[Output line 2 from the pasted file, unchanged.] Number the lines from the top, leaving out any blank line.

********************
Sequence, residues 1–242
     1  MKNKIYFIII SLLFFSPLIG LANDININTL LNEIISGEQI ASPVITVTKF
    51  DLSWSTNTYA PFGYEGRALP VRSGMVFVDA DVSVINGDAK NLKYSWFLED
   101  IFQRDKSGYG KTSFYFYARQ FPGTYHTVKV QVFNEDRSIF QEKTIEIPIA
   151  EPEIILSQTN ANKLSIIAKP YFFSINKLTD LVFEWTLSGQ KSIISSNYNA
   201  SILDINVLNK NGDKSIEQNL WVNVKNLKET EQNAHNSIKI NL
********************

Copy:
     1  MKNKIYFIII SLLFFSPLIG LANDININTL LNEIISGEQI ASPVITVTKF